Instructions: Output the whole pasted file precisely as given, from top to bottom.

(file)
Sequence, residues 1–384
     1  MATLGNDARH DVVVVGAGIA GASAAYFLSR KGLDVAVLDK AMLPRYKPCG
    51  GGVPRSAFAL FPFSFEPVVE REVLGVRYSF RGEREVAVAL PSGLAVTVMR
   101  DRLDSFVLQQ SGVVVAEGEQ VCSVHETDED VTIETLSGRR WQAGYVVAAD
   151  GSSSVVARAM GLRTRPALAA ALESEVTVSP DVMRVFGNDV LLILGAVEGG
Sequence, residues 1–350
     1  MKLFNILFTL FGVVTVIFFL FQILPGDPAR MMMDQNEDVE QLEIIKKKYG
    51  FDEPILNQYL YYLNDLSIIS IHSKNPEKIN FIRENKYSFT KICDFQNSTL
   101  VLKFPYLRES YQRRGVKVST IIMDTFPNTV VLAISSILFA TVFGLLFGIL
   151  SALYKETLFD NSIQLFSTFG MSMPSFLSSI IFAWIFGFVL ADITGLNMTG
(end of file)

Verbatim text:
Sequence, residues 1–384
     1  MATLGNDARH DVVVVGAGIA GASAAYFLSR KGLDVAVLDK AMLPRYKPCG
    51  GGVPRSAFAL FPFSFEPVVE REVLGVRYSF RGEREVAVAL PSGLAVTVMR
   101  DRLDSFVLQQ SGVVVAEGEQ VCSVHETDED VTIETLSGRR WQAGYVVAAD
   151  GSSSVVARAM GLRTRPALAA ALESEVTVSP DVMRVFGNDV LLILGAVEGG
Sequence, residues 1–350
     1  MKLFNILFTL FGVVTVIFFL FQILPGDPAR MMMDQNEDVE QLEIIKKKYG
    51  FDEPILNQYL YYLNDLSIIS IHSKNPEKIN FIRENKYSFT KICDFQNSTL
   101  VLKFPYLRES YQRRGVKVST IIMDTFPNTV VLAISSILFA TVFGLLFGIL
   151  SALYKETLFD NSIQLFSTFG MSMPSFLSSI IFAWIFGFVL ADITGLNMTG